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Emory University awarded two students $10,000 for their AI study tool, then suspended them

A lawsuit from one of the students explains Emory found no wrongdoing and always knew how the tool, Eightball, worked.

MR.Cole_Photographer via Getty Images

Individuals and organizations are still struggling with how and how much to integrate AI into daily life. Rarely has that been more clear than a case out of Emory University in which the school went from awarding students with an entrepreneurship prize worth $10,000 for their AI-powered studying tool to suspending them for it, 404 Media reports. No, the students didn't suddenly misuse the tool, known as Eightball, in any way; they did just as they said they would, and all the while, Emory promoted them — until they didn't.

Eightball allowed students to turn any coursework or readings into practice tests or flashcards for studying. It also connected to Canvas — the platform professors at Emory use to share course documents with their students. A demo video for Eightball called it similar to ChatGPT but trained on Canvas courses, looking at everything from lectures to slides, rather than students having to upload each PDF individually to the tool.

Emory's Honor Council accused Eightball's creators of cheating, plagiarizing and helping other students violate the Honor Code in November 2023 and the duo shut the tool down. The Council also claimed Eightball attached to Canvas without permission, despite it being stated during the awards competition in Spring 2023. The body launched an investigation into the students, which found that Eightball hadn't assisted with cheating and that the student creators had never lied about its capabilities.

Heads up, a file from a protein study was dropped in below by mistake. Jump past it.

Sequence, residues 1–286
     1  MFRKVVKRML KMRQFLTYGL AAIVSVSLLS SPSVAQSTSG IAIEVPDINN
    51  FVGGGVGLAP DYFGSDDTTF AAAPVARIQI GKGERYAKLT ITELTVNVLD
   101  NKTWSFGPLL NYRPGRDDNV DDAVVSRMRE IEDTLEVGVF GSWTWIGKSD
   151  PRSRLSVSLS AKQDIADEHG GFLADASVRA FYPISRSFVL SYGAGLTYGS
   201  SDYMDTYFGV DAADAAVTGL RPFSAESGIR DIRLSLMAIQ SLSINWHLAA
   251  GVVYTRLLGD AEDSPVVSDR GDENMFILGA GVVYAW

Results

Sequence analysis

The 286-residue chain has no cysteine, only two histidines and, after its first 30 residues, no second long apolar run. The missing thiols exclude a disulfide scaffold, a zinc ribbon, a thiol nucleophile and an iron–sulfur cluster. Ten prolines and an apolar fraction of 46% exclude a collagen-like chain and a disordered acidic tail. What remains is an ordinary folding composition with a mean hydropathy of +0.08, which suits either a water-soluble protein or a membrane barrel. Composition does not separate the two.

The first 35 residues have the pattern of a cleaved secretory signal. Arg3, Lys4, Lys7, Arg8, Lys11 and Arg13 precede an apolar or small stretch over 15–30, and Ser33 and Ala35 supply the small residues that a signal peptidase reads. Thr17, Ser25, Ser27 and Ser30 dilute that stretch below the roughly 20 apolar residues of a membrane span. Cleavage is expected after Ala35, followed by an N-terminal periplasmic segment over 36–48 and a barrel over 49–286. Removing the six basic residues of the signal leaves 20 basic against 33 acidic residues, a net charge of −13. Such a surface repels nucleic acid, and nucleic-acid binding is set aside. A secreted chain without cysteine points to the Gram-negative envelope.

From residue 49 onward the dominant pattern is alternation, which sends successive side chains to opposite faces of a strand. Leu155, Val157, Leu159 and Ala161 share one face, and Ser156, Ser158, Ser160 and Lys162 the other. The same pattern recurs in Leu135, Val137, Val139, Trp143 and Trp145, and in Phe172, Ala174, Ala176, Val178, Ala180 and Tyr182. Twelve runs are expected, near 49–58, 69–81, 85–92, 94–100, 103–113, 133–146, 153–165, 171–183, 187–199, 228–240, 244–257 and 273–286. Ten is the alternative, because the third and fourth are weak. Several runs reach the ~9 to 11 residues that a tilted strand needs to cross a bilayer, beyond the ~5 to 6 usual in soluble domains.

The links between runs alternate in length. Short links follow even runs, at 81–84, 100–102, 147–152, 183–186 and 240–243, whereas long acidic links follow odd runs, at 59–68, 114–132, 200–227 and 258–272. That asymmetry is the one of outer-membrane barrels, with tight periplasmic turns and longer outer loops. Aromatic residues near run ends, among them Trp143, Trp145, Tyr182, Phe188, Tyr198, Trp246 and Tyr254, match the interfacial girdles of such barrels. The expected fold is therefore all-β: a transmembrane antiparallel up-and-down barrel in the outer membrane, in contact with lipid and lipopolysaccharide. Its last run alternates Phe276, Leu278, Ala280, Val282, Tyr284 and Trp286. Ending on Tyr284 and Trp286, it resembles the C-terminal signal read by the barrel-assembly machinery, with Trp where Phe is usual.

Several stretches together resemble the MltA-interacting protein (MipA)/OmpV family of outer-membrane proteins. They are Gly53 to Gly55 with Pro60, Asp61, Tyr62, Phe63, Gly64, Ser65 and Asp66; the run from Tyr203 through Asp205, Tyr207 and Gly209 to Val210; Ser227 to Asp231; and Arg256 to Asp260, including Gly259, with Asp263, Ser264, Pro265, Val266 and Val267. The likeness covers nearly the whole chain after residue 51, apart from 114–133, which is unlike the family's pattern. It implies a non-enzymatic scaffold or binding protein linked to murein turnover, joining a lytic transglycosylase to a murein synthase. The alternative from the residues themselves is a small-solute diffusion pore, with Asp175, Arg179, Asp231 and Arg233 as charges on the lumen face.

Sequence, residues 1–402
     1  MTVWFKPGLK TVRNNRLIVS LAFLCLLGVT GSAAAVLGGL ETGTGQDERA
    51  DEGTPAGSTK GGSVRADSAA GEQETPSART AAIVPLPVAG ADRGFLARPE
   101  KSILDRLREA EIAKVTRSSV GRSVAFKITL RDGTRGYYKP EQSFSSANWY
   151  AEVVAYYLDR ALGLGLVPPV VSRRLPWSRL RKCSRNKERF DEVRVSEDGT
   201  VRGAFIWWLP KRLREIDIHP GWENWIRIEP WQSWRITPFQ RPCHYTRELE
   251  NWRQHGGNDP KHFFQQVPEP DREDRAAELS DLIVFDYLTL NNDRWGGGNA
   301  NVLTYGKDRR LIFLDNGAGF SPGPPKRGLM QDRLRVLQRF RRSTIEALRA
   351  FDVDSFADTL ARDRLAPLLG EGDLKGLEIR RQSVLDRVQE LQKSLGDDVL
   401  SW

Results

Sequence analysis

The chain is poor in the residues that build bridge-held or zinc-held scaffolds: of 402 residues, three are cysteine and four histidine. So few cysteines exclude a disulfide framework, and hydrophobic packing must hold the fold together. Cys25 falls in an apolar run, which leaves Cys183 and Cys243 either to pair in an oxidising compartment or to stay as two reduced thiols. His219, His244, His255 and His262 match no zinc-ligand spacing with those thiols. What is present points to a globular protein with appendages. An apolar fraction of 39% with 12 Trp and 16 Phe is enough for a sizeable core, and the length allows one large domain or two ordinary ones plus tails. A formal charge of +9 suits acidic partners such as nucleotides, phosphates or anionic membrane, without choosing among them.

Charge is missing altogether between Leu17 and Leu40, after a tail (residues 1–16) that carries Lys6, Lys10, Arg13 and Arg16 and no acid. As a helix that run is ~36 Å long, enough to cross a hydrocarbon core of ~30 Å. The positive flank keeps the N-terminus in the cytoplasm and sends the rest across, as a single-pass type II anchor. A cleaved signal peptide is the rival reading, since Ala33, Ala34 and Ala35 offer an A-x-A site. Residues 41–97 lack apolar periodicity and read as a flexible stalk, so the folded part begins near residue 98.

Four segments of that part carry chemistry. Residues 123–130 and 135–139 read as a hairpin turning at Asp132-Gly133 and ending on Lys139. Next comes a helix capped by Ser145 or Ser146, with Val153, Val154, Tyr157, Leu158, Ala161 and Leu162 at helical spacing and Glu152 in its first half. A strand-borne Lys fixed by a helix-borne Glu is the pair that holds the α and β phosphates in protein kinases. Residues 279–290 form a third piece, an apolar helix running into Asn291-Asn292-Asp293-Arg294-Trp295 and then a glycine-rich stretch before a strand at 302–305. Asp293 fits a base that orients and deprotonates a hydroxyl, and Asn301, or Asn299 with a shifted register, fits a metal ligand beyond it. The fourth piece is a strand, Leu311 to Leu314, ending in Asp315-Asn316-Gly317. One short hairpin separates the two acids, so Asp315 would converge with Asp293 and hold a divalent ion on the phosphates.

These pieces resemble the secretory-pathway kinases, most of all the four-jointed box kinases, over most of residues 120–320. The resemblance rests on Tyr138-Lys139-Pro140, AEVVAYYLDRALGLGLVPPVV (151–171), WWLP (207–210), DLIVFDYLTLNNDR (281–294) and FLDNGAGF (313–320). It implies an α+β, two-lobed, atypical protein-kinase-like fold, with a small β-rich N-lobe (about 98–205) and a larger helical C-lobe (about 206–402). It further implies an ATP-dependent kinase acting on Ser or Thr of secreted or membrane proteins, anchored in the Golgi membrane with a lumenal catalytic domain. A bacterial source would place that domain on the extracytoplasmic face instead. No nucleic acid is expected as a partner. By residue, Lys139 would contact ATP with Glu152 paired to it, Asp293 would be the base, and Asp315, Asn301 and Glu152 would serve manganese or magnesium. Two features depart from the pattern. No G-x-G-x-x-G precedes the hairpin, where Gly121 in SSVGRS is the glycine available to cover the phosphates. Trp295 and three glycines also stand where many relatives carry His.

Yet, the Honor Council recommended a year suspension for one of the students, Benjamin Craver, and expulsion for the other (who ideated Eightball). The Council's director called the situation "unprecedented" due to the harm it could cause at Emory. Craver was eventually suspended for the summer and fall 2024 semesters — after which he would need to apply for readmission. He was also given a mark on his permanent record and required to complete an educational program. His co-creator received a one-year suspension.

Craver filed a lawsuit on May 20 against Emory detailing how Eightball came to be, teachers' support and use, articles promoting it in the university's newspaper and that the students had always been transparent in its use. Among other evidence, the lawsuit also shares words of support from the associate dean of Emory's business school about Eightball following the award and her choice to connect the students with an outside entrepreneur, an Emory Alumnus. "While nothing about Eightball changed, Emory's view of Eightball changed dramatically," Craver's lawsuit states. "Emory concedes that there is no evidence that anyone has ever used Eightball to cheat. And to this day Emory advertises Eightball as an example of student innovation and entrepreneurship."